The AI Training Chip Tencent Has an Eye On

It is not news that China wants a rich, native, diverse semiconductor ecosystem to feed its largest consumers of compute. From supercomputing systems to those that power the country’s largest online social and retail platforms, there is a close reckoning for US-based chipmakers.

China’s top supercomputers — including the Sunway TaihuLight machine or the mighty Tianhe-2A — are packed with native technologies, from chips to interconnects. And its social media giants, including Alibaba and Baidu, are already in production with their own devices for AI training and inference at massive scale.

One of China’s hyperscalers, Tencent, has yet to roll out its own chips. But it’s worth noting it has invested mightily in Shanghai-based Enflame, which will soon be releasing its first-generation AI training devices — DTU 1.0 — which have been in development since 2018. Over the last three years, Enflame has raised close to $500 million, with Tencent leading the charge.

What is interesting about the DTU 1.0 device is that there is nothing particularly interesting about it at all. In other words, it isn’t trying to do anything outlandish. That’s not to say it is a simple device as there are some unique features, but Enflame is not taking a route that pitches mind-boggling core counts, non-mainstream precision or model types, or taking chances with packaging.

The question in our minds is what this device can do that a GPU can’t for large-scale training. The answer might simply be that it can be a Chinese native technology for Enflame’s most enthusiastic backer, Tencent — the company that needs to follow its Chinese hyperscale brethren by building (or buying its way into) homegrown AI hardware.

We finally a got a look at Enflame’s 12nm FinFET training SOC at Hot Chips this week. The neat package below shows 32 “AI compute cores” separated into four clusters. Forty additional host processing modules push the data around along four of Enflame’s own interconnects. Each device has two HBM2 modules for 512GB/sec bandwidth.

The AI portion has much in common with the same TensorCore concept we saw first from Nvidia and which is now being added into designs for several other CPUs. Enflame says it can reach 20 teraflops at FP32. The device also supports FP16 and Bfloat (both reaching peak 80 teraflops) and can support mixed precision workloads with Int-32, 18 and 8. Each of these is based on a 256 tensor compute kernel.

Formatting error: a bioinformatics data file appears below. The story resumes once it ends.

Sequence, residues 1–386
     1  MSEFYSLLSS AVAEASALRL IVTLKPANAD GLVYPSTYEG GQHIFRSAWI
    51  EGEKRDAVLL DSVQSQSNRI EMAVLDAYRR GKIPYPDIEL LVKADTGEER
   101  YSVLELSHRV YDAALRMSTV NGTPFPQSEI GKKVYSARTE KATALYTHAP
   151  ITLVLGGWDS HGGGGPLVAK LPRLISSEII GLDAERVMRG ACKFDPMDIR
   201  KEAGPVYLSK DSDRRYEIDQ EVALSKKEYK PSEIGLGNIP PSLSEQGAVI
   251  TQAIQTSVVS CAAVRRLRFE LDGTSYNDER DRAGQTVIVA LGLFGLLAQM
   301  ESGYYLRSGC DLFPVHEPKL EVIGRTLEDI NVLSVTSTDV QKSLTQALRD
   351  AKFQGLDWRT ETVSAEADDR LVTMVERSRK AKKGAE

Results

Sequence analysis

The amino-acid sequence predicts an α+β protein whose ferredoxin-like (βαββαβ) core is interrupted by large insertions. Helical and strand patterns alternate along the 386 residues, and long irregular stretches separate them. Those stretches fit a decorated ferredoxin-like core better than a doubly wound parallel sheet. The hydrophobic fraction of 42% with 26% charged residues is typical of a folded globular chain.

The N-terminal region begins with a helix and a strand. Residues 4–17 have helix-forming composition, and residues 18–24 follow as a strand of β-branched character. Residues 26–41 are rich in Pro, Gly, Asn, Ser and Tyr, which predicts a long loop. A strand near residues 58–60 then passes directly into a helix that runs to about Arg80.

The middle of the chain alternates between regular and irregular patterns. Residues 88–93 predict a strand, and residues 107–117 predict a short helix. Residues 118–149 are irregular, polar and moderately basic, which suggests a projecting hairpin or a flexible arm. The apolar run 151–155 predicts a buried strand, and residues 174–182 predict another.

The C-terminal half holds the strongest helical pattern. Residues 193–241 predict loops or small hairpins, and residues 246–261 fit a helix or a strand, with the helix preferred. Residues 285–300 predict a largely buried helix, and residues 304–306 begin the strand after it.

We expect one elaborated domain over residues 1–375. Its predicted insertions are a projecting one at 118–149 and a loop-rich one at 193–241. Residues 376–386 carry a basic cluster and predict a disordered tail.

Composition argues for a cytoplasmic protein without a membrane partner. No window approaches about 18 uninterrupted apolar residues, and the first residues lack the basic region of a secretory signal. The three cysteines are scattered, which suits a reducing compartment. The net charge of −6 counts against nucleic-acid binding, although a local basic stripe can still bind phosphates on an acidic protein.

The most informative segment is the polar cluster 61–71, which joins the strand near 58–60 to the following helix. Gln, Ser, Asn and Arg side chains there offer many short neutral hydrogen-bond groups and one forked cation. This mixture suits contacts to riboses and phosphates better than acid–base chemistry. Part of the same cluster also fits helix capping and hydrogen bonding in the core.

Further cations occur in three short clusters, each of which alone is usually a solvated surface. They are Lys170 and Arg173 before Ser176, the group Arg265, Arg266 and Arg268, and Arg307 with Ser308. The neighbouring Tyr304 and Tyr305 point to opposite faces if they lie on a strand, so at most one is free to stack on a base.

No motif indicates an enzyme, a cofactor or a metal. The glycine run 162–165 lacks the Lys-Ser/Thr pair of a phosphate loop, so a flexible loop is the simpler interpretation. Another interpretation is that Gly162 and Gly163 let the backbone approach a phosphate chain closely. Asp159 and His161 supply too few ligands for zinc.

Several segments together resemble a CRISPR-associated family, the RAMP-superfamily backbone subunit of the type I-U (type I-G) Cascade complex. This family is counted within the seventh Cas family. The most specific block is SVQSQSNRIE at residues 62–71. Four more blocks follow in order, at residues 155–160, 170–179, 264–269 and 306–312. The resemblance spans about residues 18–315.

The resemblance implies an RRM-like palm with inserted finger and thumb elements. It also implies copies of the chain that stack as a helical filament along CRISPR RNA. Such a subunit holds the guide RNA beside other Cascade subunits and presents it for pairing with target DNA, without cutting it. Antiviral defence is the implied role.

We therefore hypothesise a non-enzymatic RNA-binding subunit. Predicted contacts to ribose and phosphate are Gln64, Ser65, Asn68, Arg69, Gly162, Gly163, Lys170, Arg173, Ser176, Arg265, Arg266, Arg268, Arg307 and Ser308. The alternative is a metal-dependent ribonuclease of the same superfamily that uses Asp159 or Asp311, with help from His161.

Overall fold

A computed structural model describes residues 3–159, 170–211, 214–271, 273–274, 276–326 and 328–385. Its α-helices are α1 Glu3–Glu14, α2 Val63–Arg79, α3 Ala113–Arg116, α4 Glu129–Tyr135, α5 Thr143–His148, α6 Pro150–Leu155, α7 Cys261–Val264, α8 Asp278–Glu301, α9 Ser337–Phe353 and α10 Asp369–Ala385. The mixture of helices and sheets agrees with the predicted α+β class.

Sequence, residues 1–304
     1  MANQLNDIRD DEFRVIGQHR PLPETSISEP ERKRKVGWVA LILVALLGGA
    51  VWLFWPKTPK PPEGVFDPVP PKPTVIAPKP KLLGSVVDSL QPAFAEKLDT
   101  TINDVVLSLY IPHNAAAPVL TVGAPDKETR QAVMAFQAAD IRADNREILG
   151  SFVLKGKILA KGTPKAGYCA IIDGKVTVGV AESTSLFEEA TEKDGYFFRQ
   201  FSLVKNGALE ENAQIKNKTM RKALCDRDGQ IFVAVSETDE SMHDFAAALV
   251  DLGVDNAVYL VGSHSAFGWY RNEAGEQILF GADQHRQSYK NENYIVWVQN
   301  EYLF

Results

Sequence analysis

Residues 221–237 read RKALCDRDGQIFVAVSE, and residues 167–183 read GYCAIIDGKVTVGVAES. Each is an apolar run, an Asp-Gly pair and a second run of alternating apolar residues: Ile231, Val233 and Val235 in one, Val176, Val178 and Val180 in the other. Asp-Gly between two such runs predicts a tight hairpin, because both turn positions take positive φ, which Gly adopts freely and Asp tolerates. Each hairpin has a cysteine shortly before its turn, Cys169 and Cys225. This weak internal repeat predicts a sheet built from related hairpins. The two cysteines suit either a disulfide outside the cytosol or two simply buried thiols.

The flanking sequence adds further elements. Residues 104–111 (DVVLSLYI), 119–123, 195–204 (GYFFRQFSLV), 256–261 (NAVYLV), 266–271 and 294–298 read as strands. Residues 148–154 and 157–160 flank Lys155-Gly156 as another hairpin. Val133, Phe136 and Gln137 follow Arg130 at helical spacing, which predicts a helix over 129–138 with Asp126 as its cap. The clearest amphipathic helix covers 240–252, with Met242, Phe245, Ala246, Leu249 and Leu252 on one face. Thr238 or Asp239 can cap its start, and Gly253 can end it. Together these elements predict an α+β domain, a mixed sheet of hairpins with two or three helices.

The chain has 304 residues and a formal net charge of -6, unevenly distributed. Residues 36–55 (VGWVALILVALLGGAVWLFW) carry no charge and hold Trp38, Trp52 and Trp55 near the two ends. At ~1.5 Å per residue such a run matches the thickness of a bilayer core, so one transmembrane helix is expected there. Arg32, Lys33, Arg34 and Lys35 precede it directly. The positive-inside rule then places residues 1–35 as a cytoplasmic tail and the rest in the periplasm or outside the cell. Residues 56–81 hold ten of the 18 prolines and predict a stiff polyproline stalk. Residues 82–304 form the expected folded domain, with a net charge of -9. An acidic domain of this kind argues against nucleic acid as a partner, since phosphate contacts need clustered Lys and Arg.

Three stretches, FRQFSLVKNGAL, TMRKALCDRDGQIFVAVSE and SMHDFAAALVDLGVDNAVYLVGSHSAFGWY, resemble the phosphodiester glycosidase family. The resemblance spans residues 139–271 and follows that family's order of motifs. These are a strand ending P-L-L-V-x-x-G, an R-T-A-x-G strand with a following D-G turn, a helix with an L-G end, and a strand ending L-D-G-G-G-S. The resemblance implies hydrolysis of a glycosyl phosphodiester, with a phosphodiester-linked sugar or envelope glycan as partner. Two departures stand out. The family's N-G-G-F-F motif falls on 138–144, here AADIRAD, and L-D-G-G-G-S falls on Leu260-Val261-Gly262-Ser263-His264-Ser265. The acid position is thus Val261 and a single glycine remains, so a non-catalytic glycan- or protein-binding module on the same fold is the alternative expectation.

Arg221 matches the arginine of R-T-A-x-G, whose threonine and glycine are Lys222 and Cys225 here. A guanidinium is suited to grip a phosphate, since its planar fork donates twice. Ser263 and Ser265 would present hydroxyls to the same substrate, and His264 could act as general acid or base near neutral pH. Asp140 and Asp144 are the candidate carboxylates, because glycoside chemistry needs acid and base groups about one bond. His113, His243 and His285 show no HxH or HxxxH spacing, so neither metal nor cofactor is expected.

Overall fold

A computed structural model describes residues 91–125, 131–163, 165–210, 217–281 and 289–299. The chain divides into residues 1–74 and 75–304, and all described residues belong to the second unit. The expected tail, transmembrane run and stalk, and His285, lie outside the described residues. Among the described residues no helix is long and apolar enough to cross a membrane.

Here is a closer look at the tensor units:

The chip is designed with GEMM operations and CNNs in mind, which is right up Tencent’s alley as it is largely driven by visual media (video, photos, ecommerce).

The startup is providing a PCIe Gen4 accelerator card called “CloudBlazer” and consumes between 225W and 300W depending on configuration, the highest consumer being the CloudBlazer T21 based on the Open Compute Project’s OAM (open acceleration model) design. In addition to the PCIe-only device, Enflame has packed together systems, ranging from a single node to rack to “pod” featuring its 2D torus interconnect.

Enflame shared scaling results for the various configurations, showing single cards hitting 81.6 per cent when scaled to 160 cards and 87.8 per cent when packaged into a node. This is on par with what we’ve seen with GPU scalability roughly, although it’s not an apples-to-apples comparison.

The startup has a shot at providing AI training acceleration for China’s hyperscalers but it also has some roots in the US. The CEO and co-founder, Lidong Zhao, spent 20 years in the Bay Area at both R&D and product roles with GPUs — although not at Nvidia. He spent seven of those years at AMD running product for its CPU/APU division before helping AMD establish an R&D center in China. Before that he was developing network security devices and also spent time at S3 Inc. working on GPU development.

Co-founder and Enflame COO, Zhang Yalin, was a colleague at AMD, serving as senior chip manager and technical manager for global device R&D with work on AMD’s early GPUs as well.

“Artificial intelligence is at the heart of the digital economy infrastructure of the future and a battleground for hard technology,” Enflame founder and CEO Zhao Lidong says.

“As a technology-driven company, we have planned and are fully implementing the product technology roadmap for the next three years, with joint development of hardware and software systems as the core for product iterations to establish the competitive advantage of Enflame technology in the market. At the same time, we will also increase the exploration of cutting-edge technologies in the field of artificial intelligence so that future innovation enables greater commercial value.”

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